by Judith Curry
A few things that caught my eye this past week.
The momentous decision by the US EPA re the greenhouse endangerment is discussed at length in a post at Climate Law Blog: D.C. Court of Appeals Dismisses Challenges to EPA Climate Regulation. Summary:
On Tuesday, June 26, 2012, in a major victory for the environment and President Obama’s Administration, the U.S. Court of Appeals for the District of Columbia Circuit dismissed a series of challenges to EPA’s body of greenhouse gas regulation. The cases, called Coalition for Responsible Regulation v. EPA, were brought by various states and industry groups.
In Massachusetts v. EPA, 549 U.S. 497 (2007), the Supreme Court held that greenhouse gases “unambiguous[ly]” may be regulated as an “air pollutant” under the Clean Air Act (CAA), (id. at 529), and that EPA had a “statutory obligation” to regulate harmful greenhouse gases. (Id. at 534). In direct response, EPA then issued an Endangerment Finding, in which it determined that greenhouse gases may “reasonably be anticipated to endanger public health or welfare.” See 42 U.S.C. § 7521(a)(1). This finding led to the promulgation of a series of greenhouse gas-related rules. First, EPA issued the Tailpipe Rule, which set emission standards for cars and light-duty trucks. EPA next determined that the CAA requires major stationary sources of greenhouse gases to obtain construction and operating permits. However, due to the fact that immediate regulation of all such sources would result in overwhelming permitting burdens on permitting authorities and sources, EPA issued the Timing and Tailoring Rules. The Timing Rule required that new controls of greenhouse gas emissions from stationary sources be triggered Jan. 2, 2011. The Tailoring Rule determined that only the largest stationary sources would initially be subject to permitting requirements.
Petitioners challenged all four of these rules, arguing that they were based on improper constructions of the CAA and were otherwise arbitrary and capricious. However, the three-judge panel, which included Chief Judge David Sentelle, a conservative appointed by President Reagan, Judge Judith Rogers and Judge David Tatel, both Clinton appointees, concluded that: 1) the Endangerment Finding and Tailpipe Rule were neither arbitrary nor capricious; 2) EPA’s interpretation of the governing CAA provisions was unambiguously correct; and 3) no petitioner had standing to challenge the Timing and Tailoring Rules. The court dismissed for lack of jurisdiction all petitions for review of the Timing and Tailoring Rules, and denied the remainder of the petitions. The major points of reasoning behind the courts holdings are explained below.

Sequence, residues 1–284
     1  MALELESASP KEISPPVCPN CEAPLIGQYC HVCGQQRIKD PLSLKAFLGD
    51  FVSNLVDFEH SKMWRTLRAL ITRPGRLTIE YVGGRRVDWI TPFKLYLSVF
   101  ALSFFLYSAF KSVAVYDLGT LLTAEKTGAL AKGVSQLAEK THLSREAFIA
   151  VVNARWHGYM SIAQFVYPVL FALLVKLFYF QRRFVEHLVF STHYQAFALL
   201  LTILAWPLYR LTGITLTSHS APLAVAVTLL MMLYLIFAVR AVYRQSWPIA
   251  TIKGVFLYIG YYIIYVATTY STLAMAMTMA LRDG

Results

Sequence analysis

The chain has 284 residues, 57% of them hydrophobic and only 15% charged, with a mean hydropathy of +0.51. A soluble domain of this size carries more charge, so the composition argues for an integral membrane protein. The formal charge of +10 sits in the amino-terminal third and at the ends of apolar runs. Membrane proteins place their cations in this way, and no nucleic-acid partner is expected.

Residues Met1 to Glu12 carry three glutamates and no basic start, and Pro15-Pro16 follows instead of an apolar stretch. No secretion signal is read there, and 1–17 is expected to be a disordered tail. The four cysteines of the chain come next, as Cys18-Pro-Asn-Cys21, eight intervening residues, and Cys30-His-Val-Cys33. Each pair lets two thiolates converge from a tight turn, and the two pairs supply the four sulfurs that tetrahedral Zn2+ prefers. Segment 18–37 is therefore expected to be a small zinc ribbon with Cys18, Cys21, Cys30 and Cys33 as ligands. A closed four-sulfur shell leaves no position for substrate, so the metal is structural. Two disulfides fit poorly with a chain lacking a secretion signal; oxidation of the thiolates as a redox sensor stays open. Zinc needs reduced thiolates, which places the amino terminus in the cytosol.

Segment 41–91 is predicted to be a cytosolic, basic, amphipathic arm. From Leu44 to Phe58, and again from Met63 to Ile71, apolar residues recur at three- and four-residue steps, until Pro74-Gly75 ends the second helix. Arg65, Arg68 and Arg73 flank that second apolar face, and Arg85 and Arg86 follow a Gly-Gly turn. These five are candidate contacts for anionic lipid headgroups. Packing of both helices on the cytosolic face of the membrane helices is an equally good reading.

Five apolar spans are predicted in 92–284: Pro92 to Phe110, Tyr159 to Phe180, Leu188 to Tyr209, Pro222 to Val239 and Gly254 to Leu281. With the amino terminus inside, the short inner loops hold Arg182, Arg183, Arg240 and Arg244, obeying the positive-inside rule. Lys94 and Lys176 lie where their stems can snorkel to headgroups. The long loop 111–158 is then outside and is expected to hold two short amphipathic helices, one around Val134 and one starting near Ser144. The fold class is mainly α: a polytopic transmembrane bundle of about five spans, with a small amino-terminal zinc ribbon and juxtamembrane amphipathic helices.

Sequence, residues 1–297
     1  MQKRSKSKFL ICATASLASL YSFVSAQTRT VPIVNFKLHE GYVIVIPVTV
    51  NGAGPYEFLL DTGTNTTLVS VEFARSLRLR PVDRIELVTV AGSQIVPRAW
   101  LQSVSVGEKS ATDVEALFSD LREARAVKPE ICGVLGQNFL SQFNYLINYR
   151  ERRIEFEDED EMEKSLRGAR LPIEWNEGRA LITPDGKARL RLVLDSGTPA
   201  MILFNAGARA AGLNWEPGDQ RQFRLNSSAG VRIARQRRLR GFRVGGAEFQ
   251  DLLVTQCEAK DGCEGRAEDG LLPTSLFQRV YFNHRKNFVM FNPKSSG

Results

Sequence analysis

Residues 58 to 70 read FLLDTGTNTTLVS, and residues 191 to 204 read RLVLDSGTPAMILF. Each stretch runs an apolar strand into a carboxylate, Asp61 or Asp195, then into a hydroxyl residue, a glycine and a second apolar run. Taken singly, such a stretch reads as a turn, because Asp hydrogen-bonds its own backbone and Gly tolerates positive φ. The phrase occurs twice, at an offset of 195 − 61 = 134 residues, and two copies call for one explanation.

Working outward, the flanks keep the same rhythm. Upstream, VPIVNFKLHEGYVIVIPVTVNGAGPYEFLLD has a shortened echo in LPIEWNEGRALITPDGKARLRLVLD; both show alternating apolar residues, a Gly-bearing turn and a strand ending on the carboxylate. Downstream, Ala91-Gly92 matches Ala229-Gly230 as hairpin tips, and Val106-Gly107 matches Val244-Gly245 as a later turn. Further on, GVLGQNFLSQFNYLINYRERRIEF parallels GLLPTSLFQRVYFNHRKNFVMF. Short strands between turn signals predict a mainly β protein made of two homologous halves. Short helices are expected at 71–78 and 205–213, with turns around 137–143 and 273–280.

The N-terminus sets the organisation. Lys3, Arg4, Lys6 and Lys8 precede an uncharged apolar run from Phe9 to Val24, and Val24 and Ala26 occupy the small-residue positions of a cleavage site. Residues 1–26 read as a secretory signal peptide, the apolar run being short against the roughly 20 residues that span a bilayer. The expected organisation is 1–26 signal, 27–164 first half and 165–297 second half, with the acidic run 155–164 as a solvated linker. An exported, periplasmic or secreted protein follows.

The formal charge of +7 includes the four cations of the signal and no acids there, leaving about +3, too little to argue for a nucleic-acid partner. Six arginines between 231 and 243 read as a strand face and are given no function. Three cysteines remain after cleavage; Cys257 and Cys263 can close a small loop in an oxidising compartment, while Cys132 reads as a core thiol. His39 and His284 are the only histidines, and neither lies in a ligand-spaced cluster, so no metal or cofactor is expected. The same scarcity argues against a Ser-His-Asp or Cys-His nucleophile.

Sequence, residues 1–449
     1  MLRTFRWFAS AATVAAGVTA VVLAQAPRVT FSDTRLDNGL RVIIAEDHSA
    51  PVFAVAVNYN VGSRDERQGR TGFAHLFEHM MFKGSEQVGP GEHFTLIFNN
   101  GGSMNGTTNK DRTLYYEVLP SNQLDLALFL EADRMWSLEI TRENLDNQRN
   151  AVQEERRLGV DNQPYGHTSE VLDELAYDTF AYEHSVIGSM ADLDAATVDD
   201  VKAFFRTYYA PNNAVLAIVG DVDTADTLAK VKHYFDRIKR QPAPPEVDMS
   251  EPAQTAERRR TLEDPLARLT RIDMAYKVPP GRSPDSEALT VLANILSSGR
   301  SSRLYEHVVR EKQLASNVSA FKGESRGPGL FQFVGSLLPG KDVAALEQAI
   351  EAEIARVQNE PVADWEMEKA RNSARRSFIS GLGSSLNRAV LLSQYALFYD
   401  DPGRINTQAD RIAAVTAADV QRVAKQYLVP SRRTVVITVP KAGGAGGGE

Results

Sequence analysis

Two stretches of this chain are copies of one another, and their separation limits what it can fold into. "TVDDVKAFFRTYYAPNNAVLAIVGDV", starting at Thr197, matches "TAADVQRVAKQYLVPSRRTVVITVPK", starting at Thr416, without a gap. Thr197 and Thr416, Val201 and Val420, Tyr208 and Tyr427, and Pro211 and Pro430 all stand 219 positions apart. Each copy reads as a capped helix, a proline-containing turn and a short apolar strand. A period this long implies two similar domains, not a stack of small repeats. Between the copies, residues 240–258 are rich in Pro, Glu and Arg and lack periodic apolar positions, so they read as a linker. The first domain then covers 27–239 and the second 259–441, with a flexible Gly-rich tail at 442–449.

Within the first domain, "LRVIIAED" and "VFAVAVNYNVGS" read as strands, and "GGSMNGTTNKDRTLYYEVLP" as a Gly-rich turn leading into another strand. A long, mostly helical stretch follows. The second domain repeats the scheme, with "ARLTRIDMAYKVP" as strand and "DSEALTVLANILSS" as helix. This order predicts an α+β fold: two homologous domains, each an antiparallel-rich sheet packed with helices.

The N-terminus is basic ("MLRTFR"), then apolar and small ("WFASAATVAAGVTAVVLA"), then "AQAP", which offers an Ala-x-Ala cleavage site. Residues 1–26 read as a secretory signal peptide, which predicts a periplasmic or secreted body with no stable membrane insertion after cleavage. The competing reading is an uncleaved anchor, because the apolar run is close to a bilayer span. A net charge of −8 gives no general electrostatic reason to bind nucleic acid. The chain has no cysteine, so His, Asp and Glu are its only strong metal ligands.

On another topic, there is an article from Fox News: EPA blasted for requiring oil refiners to add type of fuel that’s merely hypothetical. Punchline:
Federal regulations can be maddening, but none more so than a current one that demands oil refiners use millions of gallons of a substance, cellulosic ethanol, that does not exist.
So the refiners are now suing the EPA, in part because the mandate gets larger and larger– 500 million gallons this year, 3 billion in 2015 and 16 billion in 2022.
Ethics and science journalism
At Bishop Hill, Doug Keenan has a very good post on the recent UK Conference of science journalists. He presents some interesting examples of fraud and misconduct. His summary statement:
For me, the take-home message from the conference is that a large majority of science journalists are extremely naive about scientists. The naivety is so extreme that I suspect it must be partially willful.
For global-warming skeptics, something else should perhaps be mentioned. Many global-warming skeptics seem to think that there is something special about the prevalence of bogus research in global warming. There is not. Anyone who has looked at other fields of science knows that there are fields that are worse than global warming. This tells us something important: the underlying cause of the problem is not specific to global warming.
I mention this especially because some skeptics seem to believe that what is needed is reform of the IPCC. Yes, the IPCC could benefit from reform. But that would not solve the problem.
We have known for millennia that prerequisites for integrity in human affairs include things like transparency and accountability. Those things should be in all scientific research.
An interesting case has emerged this past week regarding the drug Celebrex, see this article In Documents on Pain Drug, Signs of Doubt and Deception.
Grappling with advocacy in science
AAAS reports on a workshop to address advocacy in science, that was supported by the U.S. National Science Foundation. Some excerpts: